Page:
Little Tokyo Historical Society, a nonprofit organization focused on documenting and preserving Japanese American history and heritage, is releasing “A Rebel’s Outcry,” an illustrated historical biography of civil rights leader Sei Fujii (1882-1954).
Through source material including a recently unearthed biography originally written in Japanese, historical photographs and interpretive art, the book details Fujii’s lifelong fight against xenophobia and discrimination in Southern California and his work as a social justice activist, unionizer and community leader. The book is currently available for pre-order and is scheduled to be available in December
Fujii is best remembered for his work in helping to overturn the California Alien Land Law in 1952 — legislation targeting Japanese immigrants that prohibited them from purchasing and leasing land — as well as founding one of the first Japanese American newspapers, The Kashu Mainichi (California Daily News) – a story detailed in the award-winning short film “Lil’ Tokyo Reporter.”
Through personal stories, compelling narratives and powerful images and photographs collected over ten years of research, including interviews with Fujii’s family in Japan, the book highlights Fujii’s other often-overlooked contributions to the civil and human rights movement in Southern California.
Examples include bringing justice to immigration officers involved in immigration extortion rings, fighting for the right for farm workers to unionize, and helping Japanese Americans to gain the right to establish hospitals in Los Angeles after being denied treatment during the Spanish flu pandemic in 1918.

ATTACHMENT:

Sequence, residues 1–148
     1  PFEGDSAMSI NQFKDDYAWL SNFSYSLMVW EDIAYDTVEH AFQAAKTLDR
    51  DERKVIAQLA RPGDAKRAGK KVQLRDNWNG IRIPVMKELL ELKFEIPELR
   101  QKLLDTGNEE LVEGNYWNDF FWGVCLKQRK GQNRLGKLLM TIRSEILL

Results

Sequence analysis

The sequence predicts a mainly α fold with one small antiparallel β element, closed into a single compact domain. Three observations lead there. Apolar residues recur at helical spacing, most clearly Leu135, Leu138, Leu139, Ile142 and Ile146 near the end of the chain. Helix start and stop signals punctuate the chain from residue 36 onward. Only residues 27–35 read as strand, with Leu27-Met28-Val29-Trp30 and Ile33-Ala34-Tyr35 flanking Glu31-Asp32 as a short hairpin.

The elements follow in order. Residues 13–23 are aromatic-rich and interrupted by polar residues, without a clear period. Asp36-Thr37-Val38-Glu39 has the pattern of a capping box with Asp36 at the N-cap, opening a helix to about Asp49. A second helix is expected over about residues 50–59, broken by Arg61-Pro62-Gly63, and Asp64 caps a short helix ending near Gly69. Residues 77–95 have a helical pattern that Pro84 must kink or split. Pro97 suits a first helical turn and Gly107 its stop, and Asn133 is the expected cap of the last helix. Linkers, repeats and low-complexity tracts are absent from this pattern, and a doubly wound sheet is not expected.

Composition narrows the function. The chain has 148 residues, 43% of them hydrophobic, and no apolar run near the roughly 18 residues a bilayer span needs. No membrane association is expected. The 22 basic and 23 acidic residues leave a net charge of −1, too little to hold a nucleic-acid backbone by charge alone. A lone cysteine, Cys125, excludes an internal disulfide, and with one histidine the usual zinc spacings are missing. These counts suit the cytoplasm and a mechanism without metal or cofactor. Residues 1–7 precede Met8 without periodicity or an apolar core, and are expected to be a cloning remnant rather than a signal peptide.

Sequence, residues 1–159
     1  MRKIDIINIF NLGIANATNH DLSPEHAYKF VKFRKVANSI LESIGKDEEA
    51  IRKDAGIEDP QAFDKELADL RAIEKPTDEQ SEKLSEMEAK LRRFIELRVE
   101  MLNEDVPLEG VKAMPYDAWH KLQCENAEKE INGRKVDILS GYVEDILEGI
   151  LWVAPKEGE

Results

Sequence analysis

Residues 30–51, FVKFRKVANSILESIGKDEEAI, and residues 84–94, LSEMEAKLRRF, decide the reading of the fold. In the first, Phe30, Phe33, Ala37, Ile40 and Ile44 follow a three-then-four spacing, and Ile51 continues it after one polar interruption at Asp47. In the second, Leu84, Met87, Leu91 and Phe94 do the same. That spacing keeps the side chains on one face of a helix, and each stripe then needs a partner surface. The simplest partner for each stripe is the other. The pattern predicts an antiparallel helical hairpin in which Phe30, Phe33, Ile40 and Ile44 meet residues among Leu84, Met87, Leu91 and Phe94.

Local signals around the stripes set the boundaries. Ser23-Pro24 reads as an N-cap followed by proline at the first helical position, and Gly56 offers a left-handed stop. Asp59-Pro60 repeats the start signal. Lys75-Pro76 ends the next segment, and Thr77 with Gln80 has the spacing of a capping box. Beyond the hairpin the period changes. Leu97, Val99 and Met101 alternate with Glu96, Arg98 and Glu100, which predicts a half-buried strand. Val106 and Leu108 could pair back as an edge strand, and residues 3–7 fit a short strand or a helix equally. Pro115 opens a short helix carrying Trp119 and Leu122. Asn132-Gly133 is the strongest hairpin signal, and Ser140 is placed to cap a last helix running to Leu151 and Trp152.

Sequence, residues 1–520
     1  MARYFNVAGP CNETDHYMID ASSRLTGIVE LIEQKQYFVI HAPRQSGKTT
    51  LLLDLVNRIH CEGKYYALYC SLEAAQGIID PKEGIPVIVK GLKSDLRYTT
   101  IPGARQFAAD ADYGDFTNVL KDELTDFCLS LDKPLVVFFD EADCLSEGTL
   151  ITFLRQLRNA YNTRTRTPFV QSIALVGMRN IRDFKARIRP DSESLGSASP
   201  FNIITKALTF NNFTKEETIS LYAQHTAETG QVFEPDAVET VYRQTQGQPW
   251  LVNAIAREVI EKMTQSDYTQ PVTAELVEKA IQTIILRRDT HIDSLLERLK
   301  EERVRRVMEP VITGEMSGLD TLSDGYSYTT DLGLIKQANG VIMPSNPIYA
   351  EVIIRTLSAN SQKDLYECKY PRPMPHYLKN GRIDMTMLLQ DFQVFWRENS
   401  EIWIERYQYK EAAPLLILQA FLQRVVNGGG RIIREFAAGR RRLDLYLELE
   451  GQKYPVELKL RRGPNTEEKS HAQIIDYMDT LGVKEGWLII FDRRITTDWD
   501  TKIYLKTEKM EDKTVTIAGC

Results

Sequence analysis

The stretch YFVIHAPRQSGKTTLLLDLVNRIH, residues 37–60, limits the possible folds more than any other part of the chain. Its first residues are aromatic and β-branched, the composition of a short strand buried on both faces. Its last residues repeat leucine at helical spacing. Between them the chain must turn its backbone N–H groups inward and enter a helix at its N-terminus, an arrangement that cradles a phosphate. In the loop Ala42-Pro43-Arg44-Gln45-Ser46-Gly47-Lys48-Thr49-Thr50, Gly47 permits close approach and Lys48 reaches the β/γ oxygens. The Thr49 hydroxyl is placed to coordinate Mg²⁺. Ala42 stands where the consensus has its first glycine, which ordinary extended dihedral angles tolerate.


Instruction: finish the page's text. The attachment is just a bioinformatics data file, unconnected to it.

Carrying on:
“The xenophobia, discrimination and violence that Fujii faced echo many of the same challenges we face today,” said Carole Fujita, project lead and LTHS member. “Sei Fujii’s journey and his fight for civil and human rights is not just an intriguing part of the history of Los Angeles and the Japanese American community, it’s an empowering message for social justice and civil rights advocates today.”
Fujii immigrated to the U.S. when he was 21 and graduated from the USC School of Law, but due to discriminatory laws he was unable to receive a license to practice law. In 2017, after years of advocacy and support from the Japanese American community, including LTHS, the Japanese American Bar Association, and J. Marion Wright, a fellow USC law graduate that worked with Fujii for 40 years, the California Supreme Court granted Sei Fujii an honorary membership in the State Bar of California.
“Sei Fujii’s journey represents the period from Asian exclusion to inclusion, and his fight to provide rights for the generations of immigrants who thrive in California today,” said Jeffrey Gee Chin, project lead and LTHS member. “His story is a catalyst and model for fighting for and defending our civil rights and shows us that meaningful and lasting social and political change is possible.”
To learn more about Fujii and to pre-order a copy of “A Rebel’s Outcry,” visit the Little Tokyo Historical Society website, www.littletokyohs.org. Also, follow the LTHS Instagram and Facebook pages for updated information about upcoming book launch events.
Publication of this book is sponsored by Union Bank, UCLA Asian American Studies Center, and the George and Sakaye Aratani Community Advancement Research Endowment.
LTHS was launched in 2006 by members of the Little Tokyo community including nonprofit organizations, business owners, activists, residents, researchers and history buffs. LTHS is a 501 (c) (3) nonprofit all-volunteer organization committed to documenting Japanese American and Japanese history and heritage through various means such as discovered archival collections, vintage photos, and advocating for historical-cultural monument designations, and dedicated naming sites. LTHS shares its findings through exhibits, publications, video, programs and workshops.